This patent protects adornment on a practical object. A design patent, for instance, can safeguard the appearance of a shoe or a bottle. The majority of the actual paper is made up of images or sketches that depict the useful item’s design. Because a design patent uses so few words, they are notoriously challenging to search for. Software businesses have recently exploited design patents to safeguard user interface components, even the design of touchscreen devices. The design of the invention must be both practical and unique. The original Coca-Cola bottle design is an illustration of this kind of patent. The design patent duration is 15 years.
A plant patent covers novel varieties of plants developed through cuttings or other non-sexual methods, as the name implies. Genetically modified species are typically excluded from the scope of plant patents, which instead emphasize traditional gardening. The plant patent duration is 20 years.
Types of patent applications
There are four types of patent applications:
Provisional patent application
When you are not quite finished with your idea and want to draw time to continue working on the research and creation of your innovation while at the same time not wanting to lose out on the priority date, you file a provisional application. It’s possible for a tentative specification to have claims or not. You have 12 months from the date of filing a provisional application to submit a full patent application. Your application will be canceled if you don’t submit a full patent application within 12 months following the filing of your provisional patent application.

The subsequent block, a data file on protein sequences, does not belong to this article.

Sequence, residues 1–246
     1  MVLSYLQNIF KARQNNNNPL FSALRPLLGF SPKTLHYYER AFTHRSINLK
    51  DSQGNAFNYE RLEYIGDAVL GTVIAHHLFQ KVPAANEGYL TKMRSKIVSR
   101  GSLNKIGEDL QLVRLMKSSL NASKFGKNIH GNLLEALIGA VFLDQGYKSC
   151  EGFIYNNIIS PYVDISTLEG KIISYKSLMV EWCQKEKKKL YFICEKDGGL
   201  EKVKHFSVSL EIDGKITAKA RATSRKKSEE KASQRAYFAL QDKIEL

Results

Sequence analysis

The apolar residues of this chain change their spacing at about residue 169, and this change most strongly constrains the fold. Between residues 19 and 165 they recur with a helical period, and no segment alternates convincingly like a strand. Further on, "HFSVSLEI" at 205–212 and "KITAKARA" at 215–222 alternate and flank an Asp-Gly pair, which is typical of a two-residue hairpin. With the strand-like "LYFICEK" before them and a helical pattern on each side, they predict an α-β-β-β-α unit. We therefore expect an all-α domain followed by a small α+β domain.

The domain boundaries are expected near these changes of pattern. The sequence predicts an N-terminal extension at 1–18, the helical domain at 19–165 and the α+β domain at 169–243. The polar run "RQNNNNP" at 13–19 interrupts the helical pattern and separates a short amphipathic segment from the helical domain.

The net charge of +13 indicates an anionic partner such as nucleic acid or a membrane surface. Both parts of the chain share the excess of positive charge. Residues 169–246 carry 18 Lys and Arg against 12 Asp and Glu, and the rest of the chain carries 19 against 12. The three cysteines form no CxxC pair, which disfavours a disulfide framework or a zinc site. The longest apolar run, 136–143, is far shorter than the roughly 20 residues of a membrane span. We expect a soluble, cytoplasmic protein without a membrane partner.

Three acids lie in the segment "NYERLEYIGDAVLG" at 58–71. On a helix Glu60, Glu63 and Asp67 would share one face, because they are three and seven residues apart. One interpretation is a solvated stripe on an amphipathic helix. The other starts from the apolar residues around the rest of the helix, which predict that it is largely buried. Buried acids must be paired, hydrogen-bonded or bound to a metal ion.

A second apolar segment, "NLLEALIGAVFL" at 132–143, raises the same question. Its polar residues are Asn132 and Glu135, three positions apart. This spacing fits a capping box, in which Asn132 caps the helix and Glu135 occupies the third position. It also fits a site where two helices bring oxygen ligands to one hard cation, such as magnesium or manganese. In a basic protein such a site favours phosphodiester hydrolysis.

Divisional patent application
If a claimant’s application includes claims to more than one invention, the claimant may split the application and submit two or more applications, one for each invention, on his own or in response to an official objection. A divisional application is a kind of application that is split from its parent application. All divisional applications shall have the same stated priority date as the parent application. A divisional application’s patent period is 20 years from the time the main application was filed.
Additional patent application
An application for a Patent of Addition may be made by the applicant when he develops an enhancement or modification of the invention specified or revealed in the main application for which he has already made an application or secured a patent. Only after the main or parent patent has been obtained may an additional patent be issued. Throughout the duration of the primary patent, there is no need to pay a separate renewal fee for the Patent of Addition. A patent of addition must be issued for the same duration as the patent for the primary invention and terminates with it. The date of filing is the day that the patent application for the addition was submitted.
Complete patent application